It is unfair that the adverse effects of the Government’s harsh economic policies fall most heavily on women. House of Commons Library figures indicate the gender bias of benefit changes. Some 86% of cumulative tax changes and cuts in social security benefits spending due between 2010 and 2020 will come from women. That does not even include the swingeing cuts to public services, let alone the impact of universal credit.
The Panama papers demonstrate the widespread problem of tax havens and of the lengths to which some of those who can afford it will go to avoid tax. The Government’s repeated promises over the past six years to tackle tax avoidance have been shown to be largely hot air. After all, the UK, along with its overseas territories and Crown dependencies, remains the biggest secrecy jurisdiction in the world, and the British Virgin Islands are by far the most popular tax haven revealed by the Panama papers. While containing a few, limited anti-avoidance measures, this Finance Bill will do nothing fundamentally to fix that. By not acting, we damage our own economy, but we also damage some of the poorest people on earth.
In July 2015, the Financial Secretary said that he expected the UK’s overseas territories with financial centres to set out a timeline for introducing registers of beneficial ownership or similarly effective systems by November 2015. Despite the timeline not being met, the UK Government had not even expressed their disappointment until recently. Of 10 overseas territories and Crown dependencies, only two have accepted the Prime Minister’s request to adopt a public register of beneficial ownership. The measures announced now, including a £10 million taskforce and a new criminal offence—conspiracy to evade taxes—for something that is already a criminal offence, are too little, too late. The Financial Secretary to the Treasury told us today that Crown dependencies have agreed to provide full access to a register of beneficial ownership, but that will mean a central register kept by those territories, not a public register, which is what we need. When will the Government take serious action and when will the Government take some responsibility?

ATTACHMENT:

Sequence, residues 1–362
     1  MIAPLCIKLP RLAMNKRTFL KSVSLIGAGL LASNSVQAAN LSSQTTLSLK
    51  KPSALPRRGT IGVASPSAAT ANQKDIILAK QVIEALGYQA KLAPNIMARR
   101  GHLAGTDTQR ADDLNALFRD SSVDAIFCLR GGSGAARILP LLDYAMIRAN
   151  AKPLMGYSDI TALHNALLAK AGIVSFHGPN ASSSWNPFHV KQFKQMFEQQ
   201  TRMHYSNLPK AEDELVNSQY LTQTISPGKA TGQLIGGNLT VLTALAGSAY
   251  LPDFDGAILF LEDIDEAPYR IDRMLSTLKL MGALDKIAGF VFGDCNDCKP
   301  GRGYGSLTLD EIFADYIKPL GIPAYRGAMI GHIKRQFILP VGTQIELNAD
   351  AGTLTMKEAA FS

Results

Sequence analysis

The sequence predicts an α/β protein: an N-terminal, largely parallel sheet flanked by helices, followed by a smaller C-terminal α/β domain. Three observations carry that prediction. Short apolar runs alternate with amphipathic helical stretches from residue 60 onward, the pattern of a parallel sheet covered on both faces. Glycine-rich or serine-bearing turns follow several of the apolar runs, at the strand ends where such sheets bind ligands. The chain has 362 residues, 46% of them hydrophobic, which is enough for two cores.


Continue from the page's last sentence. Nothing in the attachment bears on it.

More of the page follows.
The Chancellor is borrowing like a drunken sailor, using the nation’s credit card to pay the day-to-day bills, which is just plain wrong and will end in tears. Borrowing to invest in infrastructure is fine. It is like borrowing on a mortgage to buy bricks and mortar. That is what Labour would do. We advocate capital investment in mass house building because we have a housing crisis in this country that has got much, much worse in the past six years. The measures in this Bill will do far too little to address that housing crisis. I am a socialist who spent most of his working life in business, and I understand the laws of supply and demand, but apparently this Tory Chancellor does not. Let me spell it out for him: increase the supply of housing. To address the housing crisis caused by insufficient supply, the Government should themselves build more housing.
This Chancellor should stop wringing his hands and blaming the last Labour Government. He has been in office for six years now and it is high time he took some responsibility. This Finance Bill is palpably inadequate. In failing to address the severe challenges facing our country, this Government and this Chancellor are failing all of us, but they are particularly failing the next generation. I urge all Members to vote against Second Reading tonight.